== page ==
The number of Palestinian Arabs still alive today who were personally displaced by the war is now as low as 30,000. 

However, UNRWA, an agency with an annual budget exceeding $650 million, tasked with caring for Palestinian “refugees”and only Palestinian “refugees,” counts descendants of those original 711,000 as “refugees”, and so puts the figure at over 5 million – a number which includes millions of Palestinian Arabs who are citizens of other Arab countries.

UNRWA’s strange logic is what inspired a component of the following headline, and accompanying text, in a Guardian story by Harriet Sherwood about a Palestinian who is poised to win Arab Idol.

Sherwood explains:

The golden voice of a young man from a Gaza refugee camp [Khan Younis] has enchanted viewers of Arab Idol, broadcast weekly to huge audiences across the Middle East, making him a favourite to win the final of the television singing contest.

Mohammed Assaf, 22, has won massive support from viewers enthralled by his rendition of traditional love songs and laments for the Palestinian cause. He has also succeeded in uniting Palestinians in Gaza, the West Bank and the diaspora behind his efforts to win.

Assaf, who often performs wearing a traditional black-and-white chequered keffiyeh, is one of 12 finalists in the competition, broadcast by the Saudi-owned MBC1. Last year’s winner secured a lucrative recording contract and was presented with a car.

The Palestinian “refugee” swindle is but one of the many political derivatives from the ideologically inspired uncritical embrace of the Palestinian narrative which so often passes for serious journalism at the Guardian.

Mohammed Assaf – a Palestinian (born 42 years after the 1949 war) who lives in the Palestinian run territory of Gaza, in Khan Younis – is not, by any reasonable definition of the word, a refugee. And, the fact that Palestinians continue to hold the key to this immutable victim status illustrates a greater truth about the egregious abuse of ordinary language within the cognitive battlefields of the Israeli-Palestinian Conflict.

Turkey and Israel Should Launch Non-Violent Intervention in Syria

Sunday, May 26th, 2013

More than 1.5 million have fled Syria, 4 million more are displaced within other nations, meaning 30% of the Syrian people have left their homes. Just to give an example, Reyhanli, one of the Turkish border towns in the southern province of Hatay, where 51 people were killed by twin car bombs on May 11, has a population of 90,000—50,000 of which are Syrian refugees. Some 400,000 Syrians are now living in Turkey, nearly half of them sheltered in camps with poor conditions.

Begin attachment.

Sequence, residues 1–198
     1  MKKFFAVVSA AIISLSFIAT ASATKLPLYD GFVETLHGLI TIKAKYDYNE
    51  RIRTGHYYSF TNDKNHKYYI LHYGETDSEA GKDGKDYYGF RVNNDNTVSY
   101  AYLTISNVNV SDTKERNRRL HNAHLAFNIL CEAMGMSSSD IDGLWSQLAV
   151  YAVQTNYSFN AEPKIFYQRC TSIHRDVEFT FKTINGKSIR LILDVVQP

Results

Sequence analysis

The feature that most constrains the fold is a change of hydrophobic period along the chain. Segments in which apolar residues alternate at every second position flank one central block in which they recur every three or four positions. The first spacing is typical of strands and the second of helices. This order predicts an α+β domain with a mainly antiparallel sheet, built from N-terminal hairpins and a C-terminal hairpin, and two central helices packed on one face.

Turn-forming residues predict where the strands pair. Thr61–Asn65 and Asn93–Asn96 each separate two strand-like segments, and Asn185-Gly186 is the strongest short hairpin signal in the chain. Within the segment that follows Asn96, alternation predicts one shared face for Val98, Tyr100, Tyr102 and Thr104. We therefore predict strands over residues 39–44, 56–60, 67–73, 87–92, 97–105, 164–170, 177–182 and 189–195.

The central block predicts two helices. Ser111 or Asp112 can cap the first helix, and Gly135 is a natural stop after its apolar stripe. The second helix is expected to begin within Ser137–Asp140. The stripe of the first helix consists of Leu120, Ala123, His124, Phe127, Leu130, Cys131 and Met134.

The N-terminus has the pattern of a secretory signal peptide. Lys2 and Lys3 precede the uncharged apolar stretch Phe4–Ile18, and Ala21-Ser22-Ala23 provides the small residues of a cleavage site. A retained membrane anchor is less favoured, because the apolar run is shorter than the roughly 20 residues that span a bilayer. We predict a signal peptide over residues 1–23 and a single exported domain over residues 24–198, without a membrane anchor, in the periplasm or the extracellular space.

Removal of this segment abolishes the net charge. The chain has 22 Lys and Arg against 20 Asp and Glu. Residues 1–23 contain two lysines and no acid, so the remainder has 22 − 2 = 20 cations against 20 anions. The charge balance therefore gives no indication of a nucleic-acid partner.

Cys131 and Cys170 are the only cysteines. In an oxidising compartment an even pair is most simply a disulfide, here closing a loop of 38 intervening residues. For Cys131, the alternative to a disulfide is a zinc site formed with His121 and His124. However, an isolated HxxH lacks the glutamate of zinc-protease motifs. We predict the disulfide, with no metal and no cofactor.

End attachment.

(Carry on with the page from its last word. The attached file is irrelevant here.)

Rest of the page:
Of course they are more than welcome to Turkey; our doors are wide open to anyone seeking shelter in our land, but this is obviously not a solution to the suffering of 8.3 million people who are in need – not to mention the rest of the Syrians who are also living in fear – nor does it stop the ongoing bloodbath of the Assad regime.

Since March, 2011, the death toll has risen to nearly 100,000, and the real figure is, most probably, far higher.

Most of the victims are civilians.

UN top Middle East envoy Robert Serry is saying there are mounting reports of chemical weapons being used in Syria, and Israel has taken a few solitary, bold actions to eliminate these weapons while the world was still pondering what to do. Provided that there is zero human loss, I advocate that the production and storage facilities of chemical weapons and artillery ammunition be eliminated. As long as it spares human lives meticulously and guarantees that no living beings are affected, Israel’s action to stop lethal weapons from being used is a reasonable move.

On the other side, fighters from Hezbollah—which has been a staunch ally of Syrian President Bashar al-Assad—have joined the battle on Qusayr, a settlement near the border with Lebanon. Because of the town’s strategic importance – since this residential area connects the capital Damascus to the coast – the Hezbollah-backed Assad regime does not want to give up this rebel stronghold in the central province of Homs and continue to kill more people to recapture the city.